Posted by: heyschaefferyahoocom | November 21, 2016

What Have I Done?

In “The Shallows” Nicholas Carr discusses how the neuroplasticity allows the mind to physically restructure neuron pathways in order to more efficiently accomplish tasks.  For instance, you spend your time scanning webpages, your brain will become proficient at shallow speed reading; however, the neural pathways associated with deep reading might atrophy. Much like our muscles, which are trained and grown through exercise, the human brain is a product of its activity.


I play a competitive video game called Counter-Strike: Global Offensive. At any given time, there are roughly 500,000 players online. I started playing as an activity to do with my brothers who are all geographically separated. At this point, I’m proud/ashamed to say that I’ve logged more than 450 hours in-game.

The game requires extremely fast visual processing and reaction time. The difference between winning and losing a match often comes down to milliseconds, and a network lag of more than half a second makes the game unplayable. Furthermore, the game is played in matches that last about an hour each. Let’s just say, it’s intense.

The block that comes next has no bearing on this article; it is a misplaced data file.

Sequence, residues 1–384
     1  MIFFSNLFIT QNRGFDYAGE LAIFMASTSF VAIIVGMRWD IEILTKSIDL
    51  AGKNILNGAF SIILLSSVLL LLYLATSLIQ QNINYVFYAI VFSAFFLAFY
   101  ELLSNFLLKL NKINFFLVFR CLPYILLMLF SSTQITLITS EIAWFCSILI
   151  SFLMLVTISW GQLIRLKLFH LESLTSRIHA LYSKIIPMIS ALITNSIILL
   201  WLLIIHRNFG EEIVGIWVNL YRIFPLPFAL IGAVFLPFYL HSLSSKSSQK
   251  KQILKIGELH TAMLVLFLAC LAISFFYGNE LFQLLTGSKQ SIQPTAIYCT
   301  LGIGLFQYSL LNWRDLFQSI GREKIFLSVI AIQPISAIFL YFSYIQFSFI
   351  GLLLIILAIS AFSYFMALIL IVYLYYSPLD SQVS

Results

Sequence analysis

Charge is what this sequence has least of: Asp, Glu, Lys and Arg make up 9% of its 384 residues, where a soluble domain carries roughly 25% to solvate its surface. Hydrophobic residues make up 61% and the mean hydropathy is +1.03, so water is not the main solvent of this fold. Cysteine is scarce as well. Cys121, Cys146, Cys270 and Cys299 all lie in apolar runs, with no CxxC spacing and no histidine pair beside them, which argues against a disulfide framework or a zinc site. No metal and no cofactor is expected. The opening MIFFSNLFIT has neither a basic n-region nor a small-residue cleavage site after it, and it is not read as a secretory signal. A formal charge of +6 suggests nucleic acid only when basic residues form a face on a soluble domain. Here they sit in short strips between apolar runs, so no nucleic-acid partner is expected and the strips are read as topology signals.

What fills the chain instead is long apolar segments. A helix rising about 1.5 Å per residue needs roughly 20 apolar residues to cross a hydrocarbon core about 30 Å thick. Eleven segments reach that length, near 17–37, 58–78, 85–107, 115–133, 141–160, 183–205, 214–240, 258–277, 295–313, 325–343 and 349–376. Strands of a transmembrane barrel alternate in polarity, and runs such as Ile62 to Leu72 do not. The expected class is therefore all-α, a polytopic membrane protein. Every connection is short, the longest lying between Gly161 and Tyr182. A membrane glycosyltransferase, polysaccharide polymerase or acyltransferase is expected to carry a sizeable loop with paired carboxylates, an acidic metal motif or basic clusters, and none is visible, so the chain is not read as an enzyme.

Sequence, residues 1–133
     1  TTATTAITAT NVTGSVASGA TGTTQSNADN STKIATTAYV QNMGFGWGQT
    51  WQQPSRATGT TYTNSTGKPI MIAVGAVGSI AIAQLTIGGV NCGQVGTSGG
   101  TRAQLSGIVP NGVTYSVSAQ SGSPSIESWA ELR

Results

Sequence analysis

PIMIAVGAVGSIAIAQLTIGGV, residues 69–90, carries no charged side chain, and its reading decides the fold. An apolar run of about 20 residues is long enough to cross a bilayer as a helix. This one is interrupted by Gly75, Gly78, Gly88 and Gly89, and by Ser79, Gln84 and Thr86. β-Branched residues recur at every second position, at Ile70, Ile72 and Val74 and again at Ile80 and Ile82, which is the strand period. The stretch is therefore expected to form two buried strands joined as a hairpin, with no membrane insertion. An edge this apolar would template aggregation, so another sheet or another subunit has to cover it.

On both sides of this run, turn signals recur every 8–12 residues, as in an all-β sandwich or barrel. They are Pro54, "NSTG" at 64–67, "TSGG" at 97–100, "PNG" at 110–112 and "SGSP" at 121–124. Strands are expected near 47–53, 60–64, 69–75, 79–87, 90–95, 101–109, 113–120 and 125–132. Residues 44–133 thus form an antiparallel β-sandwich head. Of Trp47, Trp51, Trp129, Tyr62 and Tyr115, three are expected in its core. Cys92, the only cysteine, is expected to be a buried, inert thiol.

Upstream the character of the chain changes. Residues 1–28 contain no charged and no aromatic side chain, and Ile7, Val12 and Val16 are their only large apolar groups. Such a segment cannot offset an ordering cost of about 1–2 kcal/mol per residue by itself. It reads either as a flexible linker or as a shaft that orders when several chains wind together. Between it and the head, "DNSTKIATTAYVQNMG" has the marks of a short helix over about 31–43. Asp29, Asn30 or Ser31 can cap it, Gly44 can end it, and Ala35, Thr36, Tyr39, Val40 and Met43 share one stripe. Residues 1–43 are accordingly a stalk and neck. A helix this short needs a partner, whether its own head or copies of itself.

The book makes me wonder what playing Counter-Strike has done to me. What neural pathways were rewritten? If the brain can be trained like a muscle, then what have I gained? My visual acuity and reaction time has likely increased. Thinking about the brain as an instrument that changes depending on one’s activities, puts pressure on the individual to engage in meaningful behavior? What have you thought about changing after reading this book?

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